Does your site have an incredible library of content built up?
If you have hundreds (or thousands) of blog posts and articles, it’s key to make sure that your valuable evergreen content is still getting traffic.
If you’re constantly publishing new content, however, it’s easy for the old content to get lost in the social media shuffle.
Here, we’re going to focus on five ways to make sure that content is still getting the attention it deserves.
Read on for expert tips on how to promote your blog content long after publication.
Fact: not all content is created equally.
When we talk about promoting old content, it’s important to note that only evergreen content should be taken into consideration.
Evergreen content is the kind of content that is going to be just as relevant now as it was a year ago – or as it will be a year down the road.
Good examples of evergreen content include how-to articles, checklists, listicles, and content that answers questions – this is the kind of content you want to share on social media long after publication.
If you’re a flower company and you have a blog post on rose color meanings, for example, that blog post will not change from one year to the next – the meaning of a red rose will still be the same year after year.
On the opposite side of the spectrum is newsy content.
For example, a blog post announcing an acquisition, major sale or industry update – those are the kinds of things you can cease promoting after a brief period.
To that end, comb through your content and identify the best evergreen posts.
It’s good to keep an inventory of your evergreen content in general, not only so you can share it, but you can keep tabs on it and update it as needed.
If you had, for example, an evergreen SEO checklist, you’d need to update it periodically to reflect changes in the algorithm.
Take the recent evolution of link attributions – anyone who had an evergreen post that explained how to use rel=”nofollow” would definitely want to update it to include the new link signals rel=”sponsored” and rel=”ugc.”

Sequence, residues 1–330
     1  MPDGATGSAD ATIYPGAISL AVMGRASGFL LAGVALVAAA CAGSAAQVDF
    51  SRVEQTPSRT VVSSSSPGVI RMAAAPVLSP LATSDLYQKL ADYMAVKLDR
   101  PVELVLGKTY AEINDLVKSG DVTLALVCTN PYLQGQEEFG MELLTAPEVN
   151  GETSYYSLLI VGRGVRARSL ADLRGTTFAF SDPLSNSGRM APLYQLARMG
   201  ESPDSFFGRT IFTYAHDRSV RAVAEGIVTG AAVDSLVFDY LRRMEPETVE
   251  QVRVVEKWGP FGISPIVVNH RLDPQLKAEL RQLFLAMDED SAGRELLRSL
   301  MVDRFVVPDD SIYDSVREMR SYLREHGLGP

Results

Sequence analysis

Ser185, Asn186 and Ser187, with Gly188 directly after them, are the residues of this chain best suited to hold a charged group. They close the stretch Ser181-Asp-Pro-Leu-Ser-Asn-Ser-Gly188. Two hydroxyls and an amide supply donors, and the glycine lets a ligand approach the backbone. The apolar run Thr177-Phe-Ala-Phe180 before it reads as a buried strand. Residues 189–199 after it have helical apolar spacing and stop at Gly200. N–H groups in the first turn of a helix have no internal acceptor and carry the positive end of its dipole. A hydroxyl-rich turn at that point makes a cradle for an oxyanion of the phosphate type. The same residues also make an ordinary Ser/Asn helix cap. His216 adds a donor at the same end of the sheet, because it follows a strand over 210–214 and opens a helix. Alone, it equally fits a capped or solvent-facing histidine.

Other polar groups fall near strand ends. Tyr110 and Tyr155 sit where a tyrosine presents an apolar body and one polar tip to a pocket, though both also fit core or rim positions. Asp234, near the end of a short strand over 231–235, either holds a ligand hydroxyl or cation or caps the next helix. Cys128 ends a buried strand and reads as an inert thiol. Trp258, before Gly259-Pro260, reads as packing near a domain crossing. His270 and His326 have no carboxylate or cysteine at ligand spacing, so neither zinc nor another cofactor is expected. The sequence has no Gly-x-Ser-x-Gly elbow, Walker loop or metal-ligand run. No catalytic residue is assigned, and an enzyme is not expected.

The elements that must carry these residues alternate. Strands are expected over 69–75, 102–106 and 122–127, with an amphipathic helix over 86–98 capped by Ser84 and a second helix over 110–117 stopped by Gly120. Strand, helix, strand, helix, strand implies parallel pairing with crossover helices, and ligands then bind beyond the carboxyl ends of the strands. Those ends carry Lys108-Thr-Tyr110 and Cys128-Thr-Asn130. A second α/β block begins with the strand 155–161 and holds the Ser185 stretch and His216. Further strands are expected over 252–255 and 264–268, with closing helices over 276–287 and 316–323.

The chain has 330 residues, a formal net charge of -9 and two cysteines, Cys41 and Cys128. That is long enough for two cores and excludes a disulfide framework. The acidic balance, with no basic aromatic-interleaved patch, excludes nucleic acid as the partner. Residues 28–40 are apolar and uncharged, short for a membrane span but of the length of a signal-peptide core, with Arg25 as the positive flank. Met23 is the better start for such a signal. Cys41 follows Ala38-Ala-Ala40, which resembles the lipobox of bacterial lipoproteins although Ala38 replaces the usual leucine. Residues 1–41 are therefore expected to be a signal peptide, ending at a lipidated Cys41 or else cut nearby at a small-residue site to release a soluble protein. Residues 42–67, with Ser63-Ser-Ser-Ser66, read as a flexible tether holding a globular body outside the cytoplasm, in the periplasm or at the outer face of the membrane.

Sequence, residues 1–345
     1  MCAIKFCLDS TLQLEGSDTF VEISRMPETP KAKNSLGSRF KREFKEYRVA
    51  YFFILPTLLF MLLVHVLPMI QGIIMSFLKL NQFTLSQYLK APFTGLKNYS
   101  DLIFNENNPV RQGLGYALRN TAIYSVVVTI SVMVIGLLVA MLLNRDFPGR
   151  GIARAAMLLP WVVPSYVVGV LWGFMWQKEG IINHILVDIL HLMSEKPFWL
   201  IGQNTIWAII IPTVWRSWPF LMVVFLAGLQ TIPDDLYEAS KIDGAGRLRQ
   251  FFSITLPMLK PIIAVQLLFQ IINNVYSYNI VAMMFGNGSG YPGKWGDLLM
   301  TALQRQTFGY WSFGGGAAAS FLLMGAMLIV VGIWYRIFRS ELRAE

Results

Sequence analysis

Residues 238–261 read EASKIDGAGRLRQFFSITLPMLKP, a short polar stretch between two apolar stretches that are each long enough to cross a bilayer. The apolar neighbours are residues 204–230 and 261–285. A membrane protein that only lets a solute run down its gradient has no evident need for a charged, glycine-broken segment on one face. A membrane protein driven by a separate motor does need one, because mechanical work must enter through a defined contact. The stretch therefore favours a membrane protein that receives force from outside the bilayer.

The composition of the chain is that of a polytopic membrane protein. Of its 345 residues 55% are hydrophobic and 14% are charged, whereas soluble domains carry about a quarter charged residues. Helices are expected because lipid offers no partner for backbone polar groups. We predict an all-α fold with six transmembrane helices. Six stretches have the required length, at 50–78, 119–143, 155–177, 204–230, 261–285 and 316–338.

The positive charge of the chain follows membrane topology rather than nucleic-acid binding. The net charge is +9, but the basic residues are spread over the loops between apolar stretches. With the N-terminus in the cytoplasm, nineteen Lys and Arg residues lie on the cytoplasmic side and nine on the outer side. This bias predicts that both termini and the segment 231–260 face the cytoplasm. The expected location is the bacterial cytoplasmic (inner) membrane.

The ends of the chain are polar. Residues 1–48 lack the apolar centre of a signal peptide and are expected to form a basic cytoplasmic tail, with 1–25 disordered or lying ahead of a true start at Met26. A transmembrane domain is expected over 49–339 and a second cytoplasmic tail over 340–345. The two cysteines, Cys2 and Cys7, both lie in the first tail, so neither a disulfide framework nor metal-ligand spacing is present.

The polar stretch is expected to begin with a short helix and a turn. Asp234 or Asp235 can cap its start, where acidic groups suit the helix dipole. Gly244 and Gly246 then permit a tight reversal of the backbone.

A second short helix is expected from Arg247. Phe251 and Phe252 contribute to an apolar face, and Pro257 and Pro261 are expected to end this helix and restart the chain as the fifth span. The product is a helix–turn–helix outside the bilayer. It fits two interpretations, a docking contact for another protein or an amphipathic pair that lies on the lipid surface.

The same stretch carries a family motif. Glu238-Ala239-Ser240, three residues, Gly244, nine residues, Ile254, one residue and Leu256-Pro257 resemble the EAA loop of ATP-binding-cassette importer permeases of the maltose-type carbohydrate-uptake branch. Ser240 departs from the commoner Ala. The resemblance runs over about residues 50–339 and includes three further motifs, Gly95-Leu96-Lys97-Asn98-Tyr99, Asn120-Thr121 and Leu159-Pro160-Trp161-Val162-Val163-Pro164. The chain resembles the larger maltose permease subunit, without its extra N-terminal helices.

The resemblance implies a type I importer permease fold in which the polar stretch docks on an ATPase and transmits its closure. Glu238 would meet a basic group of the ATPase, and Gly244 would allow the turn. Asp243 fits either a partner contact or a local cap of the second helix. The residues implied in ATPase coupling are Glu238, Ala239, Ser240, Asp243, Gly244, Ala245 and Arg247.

Now that you’ve identified what content to keep sharing, you’ll want to create a social media schedule for it.
At Search Engine Journal, we’ve developed a system where the top 200 evergreen posts of the year fall into scheduled slots and are shared on LinkedIn, Facebook and Twitter.
The slots are scheduled strategically so that they don’t compete with our new articles, ebooks, webinars, and podcast promotions.
Additionally, all posts have strategic hashtags (triggered by their silos or words within the titles) and tag the author.
This was all set up through the Buffer WordPress plugin, and it’s a key for promoting old blog content consistently.
Another great option, especially if you’re just focused on Twitter, is the Tweet Old Posts plugin.
As you might have guessed, this plugin will automatically tweet posts from your blog archives and allows you to set the following:
You can get more leverage out of old content by featuring it whenever you publish new content.
One of the greatest promotion strategies is to add a sidebar or bottom section on your blog where you highlight related content and/or your most popular posts.
In addition to driving fresh traffic, this strategy will:
You can do this manually, or you can use a plugin to handle the job automatically.
Yet Another Related Posts Plugin, for example, has a wide variety of options and settings for choosing related content automatically.
You can set which webpage elements you want to take into account when calculating relevancy.
Furthermore, you customize the look and feel of the related posts block by:
Roundups are useful for generating additional exposure to your previously published articles.
If you get a bit creative, you can make thematic roundups that highlight evergreen content.
Let’s say, for example, you have a lifestyle site or foodie blog that features a lot of recipes.
You can create an all-new blog post that curates the most popular recipes of the year, which in turn will drive new traffic to your evergreen recipe posts.
These types of roundups are useful and allow you to naturally link to a bunch of your last season articles.
Some of your evergreen content might actually be the top traffic drivers to your site overall.
If you’ve identified top evergreen content that is ranking well and consistently driving traffic to your site, it clearly resonates with your audience.
When you’ve got unicorn content like that, I recommend doing two more things with it:
Try a targeted Facebook ad with a $20/day budget to drive additional social traffic to your top content.
Additionally, make sure the content is optimized for conversions since you’re investing ad spend in it – add clear CTAs in the text, sidebars, pop-up ads and/or banner ads, that will drive goal completions and conversions.